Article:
An old and pernicious idea is back in circulation since the July 3 coup. It was a running theme in the military ruler’s speech on July 24 where he demanded a popular mandate to “confront terrorism.” Right on cue, government officials parroted it repeatedly in their stern warnings to dissenters. Pro-military activists, politicians, and intellectuals happily invoked it in their jihad against the Ikhwan. The idea is haybat al-dawla, or the state’s standing and prestige, a central plank of the Arab authoritarian order that’s making a big comeback.
Right after the speech, the statist line was on everyone’s lips. The political adviser to the figurehead presidency asserted that the state is mandated to confront terrorism at any time, that the state and the people are in one camp, and that challenging haybat al-dawla in the streets is unacceptable.
The president’s media adviser added that El-Sisi’s call on citizens to demonstrate “is to protect the state and revolution.”
Abdel Latif al-Menawi, head of state TV under Mubarak, croaked that he’s been warning about the loss of state prestige since January 28, 2011.
Not to be outdone, civilian enthusiasts of military rule hopped on the bandwagon. Former presidential candidate Hamdeen Sabahy’s group called for more proactive measures to recover the state’s prestige. Activist Ahmed Douma said that he was heeding Sisi’s call to demonstrate “to support state institutions and get rid of all forms of terrorism.” The National Salvation Front practically begged the Interior Minister to disband the Ikhwan’s sit-ins, “to reinforce the principle of a state of laws and to preserve state prestige.”
Whether voiced out of conviction or rank opportunism, defending the state is the favorite ideological vehicle of Egyptian conservatives and counter-revolutionaries. Portraying the state as a sacred entity whose standing is forever under threat rules out any talk of state reform. But the really nefarious thing about haybat al-dawla is that it short-circuits any attempt to democratize the state, to open up its commanding heights to popular election and access. The implication is that the state can never change hands. It must always remain under the auspices of permanent custodians.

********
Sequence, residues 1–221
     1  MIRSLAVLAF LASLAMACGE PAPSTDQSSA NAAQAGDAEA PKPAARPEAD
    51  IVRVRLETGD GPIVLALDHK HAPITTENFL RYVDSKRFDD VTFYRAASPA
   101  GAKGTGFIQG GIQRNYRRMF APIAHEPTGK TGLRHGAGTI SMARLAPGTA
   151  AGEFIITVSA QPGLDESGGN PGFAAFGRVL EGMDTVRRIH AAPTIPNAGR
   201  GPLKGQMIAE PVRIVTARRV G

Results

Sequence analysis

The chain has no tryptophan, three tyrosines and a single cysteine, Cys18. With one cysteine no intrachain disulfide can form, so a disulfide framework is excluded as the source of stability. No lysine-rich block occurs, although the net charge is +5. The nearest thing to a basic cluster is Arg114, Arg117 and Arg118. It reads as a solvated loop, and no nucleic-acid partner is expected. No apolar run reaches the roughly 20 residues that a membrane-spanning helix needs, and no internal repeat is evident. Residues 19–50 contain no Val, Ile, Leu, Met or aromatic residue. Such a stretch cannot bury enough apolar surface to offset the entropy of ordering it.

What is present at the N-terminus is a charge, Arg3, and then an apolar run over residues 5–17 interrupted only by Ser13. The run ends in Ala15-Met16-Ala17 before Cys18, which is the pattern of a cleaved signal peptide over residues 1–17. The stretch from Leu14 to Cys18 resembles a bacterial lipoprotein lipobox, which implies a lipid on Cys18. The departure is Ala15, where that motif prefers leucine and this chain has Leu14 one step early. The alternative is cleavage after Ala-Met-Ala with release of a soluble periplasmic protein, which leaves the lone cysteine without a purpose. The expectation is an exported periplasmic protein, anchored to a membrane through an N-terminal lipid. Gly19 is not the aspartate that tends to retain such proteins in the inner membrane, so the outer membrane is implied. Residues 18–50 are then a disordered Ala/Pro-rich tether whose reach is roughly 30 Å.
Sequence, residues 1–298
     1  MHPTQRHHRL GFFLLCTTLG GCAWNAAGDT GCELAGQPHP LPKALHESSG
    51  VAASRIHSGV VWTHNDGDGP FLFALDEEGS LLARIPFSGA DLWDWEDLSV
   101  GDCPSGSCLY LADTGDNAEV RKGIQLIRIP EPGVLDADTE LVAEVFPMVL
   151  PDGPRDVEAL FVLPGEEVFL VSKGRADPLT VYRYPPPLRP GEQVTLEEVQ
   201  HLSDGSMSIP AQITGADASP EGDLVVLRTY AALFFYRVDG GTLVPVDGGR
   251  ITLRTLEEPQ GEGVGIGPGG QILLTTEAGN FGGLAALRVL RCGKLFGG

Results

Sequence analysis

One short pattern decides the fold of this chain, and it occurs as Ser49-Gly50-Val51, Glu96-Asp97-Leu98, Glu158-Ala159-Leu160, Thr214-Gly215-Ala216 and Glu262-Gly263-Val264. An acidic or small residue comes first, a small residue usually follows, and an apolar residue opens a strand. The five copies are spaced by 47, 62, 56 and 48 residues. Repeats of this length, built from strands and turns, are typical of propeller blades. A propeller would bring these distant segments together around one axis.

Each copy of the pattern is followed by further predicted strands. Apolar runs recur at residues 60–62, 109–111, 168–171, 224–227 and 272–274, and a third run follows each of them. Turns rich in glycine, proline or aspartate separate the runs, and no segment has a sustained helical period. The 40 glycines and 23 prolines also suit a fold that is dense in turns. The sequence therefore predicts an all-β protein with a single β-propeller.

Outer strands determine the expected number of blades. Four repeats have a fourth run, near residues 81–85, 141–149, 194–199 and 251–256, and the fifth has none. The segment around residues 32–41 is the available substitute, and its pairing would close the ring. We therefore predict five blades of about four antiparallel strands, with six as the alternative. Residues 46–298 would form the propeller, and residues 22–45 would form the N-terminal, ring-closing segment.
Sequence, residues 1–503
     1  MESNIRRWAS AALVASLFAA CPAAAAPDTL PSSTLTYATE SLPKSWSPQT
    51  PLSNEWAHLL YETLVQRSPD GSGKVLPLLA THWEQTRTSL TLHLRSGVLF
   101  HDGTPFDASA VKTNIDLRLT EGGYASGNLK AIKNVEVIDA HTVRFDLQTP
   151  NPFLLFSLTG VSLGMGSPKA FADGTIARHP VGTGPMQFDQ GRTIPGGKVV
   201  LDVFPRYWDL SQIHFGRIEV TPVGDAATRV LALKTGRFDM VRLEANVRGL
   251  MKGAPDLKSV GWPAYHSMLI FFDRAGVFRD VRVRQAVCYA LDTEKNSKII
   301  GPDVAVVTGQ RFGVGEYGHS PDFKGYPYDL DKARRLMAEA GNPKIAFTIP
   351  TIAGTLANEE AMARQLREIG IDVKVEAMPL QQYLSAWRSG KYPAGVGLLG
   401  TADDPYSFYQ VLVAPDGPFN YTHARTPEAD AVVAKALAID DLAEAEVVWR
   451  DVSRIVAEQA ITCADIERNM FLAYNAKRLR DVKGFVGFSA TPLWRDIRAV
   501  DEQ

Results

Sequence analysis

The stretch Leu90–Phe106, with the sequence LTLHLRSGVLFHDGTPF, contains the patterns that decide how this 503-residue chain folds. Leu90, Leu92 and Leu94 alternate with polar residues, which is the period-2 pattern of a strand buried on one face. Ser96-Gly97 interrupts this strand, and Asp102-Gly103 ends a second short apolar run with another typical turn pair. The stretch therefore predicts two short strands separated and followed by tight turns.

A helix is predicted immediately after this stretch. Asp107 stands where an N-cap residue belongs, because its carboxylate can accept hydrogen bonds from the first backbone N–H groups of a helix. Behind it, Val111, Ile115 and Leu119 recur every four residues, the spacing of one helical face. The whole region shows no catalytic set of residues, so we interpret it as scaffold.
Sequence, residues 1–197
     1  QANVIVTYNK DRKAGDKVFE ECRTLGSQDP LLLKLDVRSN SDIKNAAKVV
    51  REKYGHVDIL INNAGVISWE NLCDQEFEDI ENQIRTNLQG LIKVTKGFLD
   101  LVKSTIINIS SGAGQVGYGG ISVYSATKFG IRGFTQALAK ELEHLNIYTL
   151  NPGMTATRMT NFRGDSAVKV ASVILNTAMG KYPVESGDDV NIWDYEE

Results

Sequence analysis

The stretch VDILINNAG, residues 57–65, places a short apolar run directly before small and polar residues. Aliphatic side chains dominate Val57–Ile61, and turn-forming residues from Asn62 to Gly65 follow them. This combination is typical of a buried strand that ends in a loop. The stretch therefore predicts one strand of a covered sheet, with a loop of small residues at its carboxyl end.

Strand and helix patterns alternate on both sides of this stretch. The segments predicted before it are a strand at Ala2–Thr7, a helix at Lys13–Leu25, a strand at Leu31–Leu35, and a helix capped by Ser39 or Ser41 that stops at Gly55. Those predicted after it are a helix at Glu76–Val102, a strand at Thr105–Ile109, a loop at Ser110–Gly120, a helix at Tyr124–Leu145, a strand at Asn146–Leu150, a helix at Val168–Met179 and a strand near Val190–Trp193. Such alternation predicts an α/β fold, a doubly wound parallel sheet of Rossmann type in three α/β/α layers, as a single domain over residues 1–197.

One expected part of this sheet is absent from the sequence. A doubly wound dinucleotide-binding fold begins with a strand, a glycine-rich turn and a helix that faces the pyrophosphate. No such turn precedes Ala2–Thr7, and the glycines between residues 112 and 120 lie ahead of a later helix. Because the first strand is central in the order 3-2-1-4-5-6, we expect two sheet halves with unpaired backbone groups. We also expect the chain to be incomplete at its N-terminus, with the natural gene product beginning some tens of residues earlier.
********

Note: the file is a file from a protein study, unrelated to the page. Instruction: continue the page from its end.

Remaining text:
I don’t know when the term originated, but Arab state managers and their minions are obsessed with haybat al-dawla. Newspapers periodically run hand-wringing articles fretting about the decline of state prestige, especially after the 2011 uprisings. The term is a perfect mystification, casting an aura of mystery and gravitas on the reality of total political control: control over society by the state, and control of the state by an exclusive ruling caste.
The word hayba holds layers of meaning: fear, dread, reverence, esteem, standing. Applied to the state, it creates an image of a larger-than-life force demanding veneration and radiating intimidation. The state becomes this mythical thing standing above a society of loyal supplicants and disloyal outlaws.
Fetishizing the state is not an Arab authoritarian invention. In 1891, Frederick Engels noted Germans’ “superstitious reverence for the state and everything connected with it.” Barely concealing his contempt, Engels captured the generic ideology of state veneration: “People from their childhood are accustomed to imagine that the affairs and interests common to the whole of society could not be looked after otherwise than as they have been looked after in the past, that is, through the state and its well-paid officials.”
Masking Hereditary Rule
Books could be written about how Egyptians have never succumbed to the ideology of state worship (and in fact, such books exist). Maybe because of that, the project of state reverence refuses to die, peaking during moments of widespread social protest.
Before the 2011 revolution, every time Egyptians demonstrated to demand their rights from the state, haybat al-dawla was invoked like a talisman to restore the status quo. In 2007 when protest fever spread to many groups after the spectacular 2006 Mahalla workers’ strike, commentators fretted about how state standing was being undermined, while others rightly pointed out that haybat al-dawla reflected the anxieties of a police state.
After the revolution, the challenge to state managers became existential. Not only had Egyptians broken the police backbone of the state, they even wanted to democratize this state and put some of their own people in top positions. They wanted free presidential elections, and parliamentary elections, and a new constitution. They demanded an end to state corruption, organized theft, and police rule. They wanted a state that works for its people, not a predatory machine that fleeces and kills them.
This is all sacrilege for the exclusive class of Egyptians who have come to see state office as their birthright. Whole chunks of the state are hereditary fiefdoms. If you’re a foreign service officer, then it’s probably because your father was. Same with the judiciary, the police, public universities, and the state-funded culture industry, to say nothing of cabinet portfolios. Hosni Mubarak merely wanted to extend the hereditary nature of state office to the presidency, but the revolution ended that dream.